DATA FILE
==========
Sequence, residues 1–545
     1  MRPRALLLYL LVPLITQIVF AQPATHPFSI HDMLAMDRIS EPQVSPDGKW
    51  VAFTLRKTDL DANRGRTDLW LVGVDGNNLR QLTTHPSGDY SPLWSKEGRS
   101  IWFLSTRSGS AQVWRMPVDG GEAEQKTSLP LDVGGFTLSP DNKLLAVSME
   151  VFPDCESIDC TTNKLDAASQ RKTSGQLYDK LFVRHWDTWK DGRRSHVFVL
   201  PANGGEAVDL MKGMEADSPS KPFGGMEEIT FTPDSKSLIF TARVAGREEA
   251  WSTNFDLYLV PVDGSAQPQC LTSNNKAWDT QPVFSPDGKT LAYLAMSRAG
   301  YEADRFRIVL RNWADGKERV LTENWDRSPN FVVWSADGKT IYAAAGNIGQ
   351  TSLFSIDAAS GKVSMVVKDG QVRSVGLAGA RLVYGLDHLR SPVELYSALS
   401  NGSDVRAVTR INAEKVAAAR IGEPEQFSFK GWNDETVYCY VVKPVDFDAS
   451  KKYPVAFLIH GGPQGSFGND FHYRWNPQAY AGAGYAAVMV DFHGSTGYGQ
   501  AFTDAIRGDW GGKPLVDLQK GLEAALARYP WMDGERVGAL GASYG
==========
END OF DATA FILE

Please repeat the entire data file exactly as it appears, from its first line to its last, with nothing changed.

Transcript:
Sequence, residues 1–545
     1  MRPRALLLYL LVPLITQIVF AQPATHPFSI HDMLAMDRIS EPQVSPDGKW
    51  VAFTLRKTDL DANRGRTDLW LVGVDGNNLR QLTTHPSGDY SPLWSKEGRS
   101  IWFLSTRSGS AQVWRMPVDG GEAEQKTSLP LDVGGFTLSP DNKLLAVSME
   151  VFPDCESIDC TTNKLDAASQ RKTSGQLYDK LFVRHWDTWK DGRRSHVFVL
   201  PANGGEAVDL MKGMEADSPS KPFGGMEEIT FTPDSKSLIF TARVAGREEA
   251  WSTNFDLYLV PVDGSAQPQC LTSNNKAWDT QPVFSPDGKT LAYLAMSRAG
   301  YEADRFRIVL RNWADGKERV LTENWDRSPN FVVWSADGKT IYAAAGNIGQ
   351  TSLFSIDAAS GKVSMVVKDG QVRSVGLAGA RLVYGLDHLR SPVELYSALS
   401  NGSDVRAVTR INAEKVAAAR IGEPEQFSFK GWNDETVYCY VVKPVDFDAS
   451  KKYPVAFLIH GGPQGSFGND FHYRWNPQAY AGAGYAAVMV DFHGSTGYGQ
   501  AFTDAIRGDW GGKPLVDLQK GLEAALARYP WMDGERVGAL GASYG